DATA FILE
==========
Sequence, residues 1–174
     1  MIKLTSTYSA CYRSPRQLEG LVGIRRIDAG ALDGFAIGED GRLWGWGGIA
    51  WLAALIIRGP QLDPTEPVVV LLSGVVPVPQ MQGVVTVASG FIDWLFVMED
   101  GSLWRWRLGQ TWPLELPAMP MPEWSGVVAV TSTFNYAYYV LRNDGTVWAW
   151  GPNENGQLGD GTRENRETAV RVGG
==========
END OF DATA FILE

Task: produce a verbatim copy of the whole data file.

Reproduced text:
Sequence, residues 1–174
     1  MIKLTSTYSA CYRSPRQLEG LVGIRRIDAG ALDGFAIGED GRLWGWGGIA
    51  WLAALIIRGP QLDPTEPVVV LLSGVVPVPQ MQGVVTVASG FIDWLFVMED
   101  GSLWRWRLGQ TWPLELPAMP MPEWSGVVAV TSTFNYAYYV LRNDGTVWAW
   151  GPNENGQLGD GTRENRETAV RVGG